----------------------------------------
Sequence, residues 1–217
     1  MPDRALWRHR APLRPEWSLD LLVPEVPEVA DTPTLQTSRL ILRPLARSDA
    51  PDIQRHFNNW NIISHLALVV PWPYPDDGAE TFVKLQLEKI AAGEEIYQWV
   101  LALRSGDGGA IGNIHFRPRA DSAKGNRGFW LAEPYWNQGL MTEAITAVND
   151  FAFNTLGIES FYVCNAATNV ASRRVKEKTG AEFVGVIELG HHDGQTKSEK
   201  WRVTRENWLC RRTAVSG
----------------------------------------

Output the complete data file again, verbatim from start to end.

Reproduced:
Sequence, residues 1–217
     1  MPDRALWRHR APLRPEWSLD LLVPEVPEVA DTPTLQTSRL ILRPLARSDA
    51  PDIQRHFNNW NIISHLALVV PWPYPDDGAE TFVKLQLEKI AAGEEIYQWV
   101  LALRSGDGGA IGNIHFRPRA DSAKGNRGFW LAEPYWNQGL MTEAITAVND
   151  FAFNTLGIES FYVCNAATNV ASRRVKEKTG AEFVGVIELG HHDGQTKSEK
   201  WRVTRENWLC RRTAVSG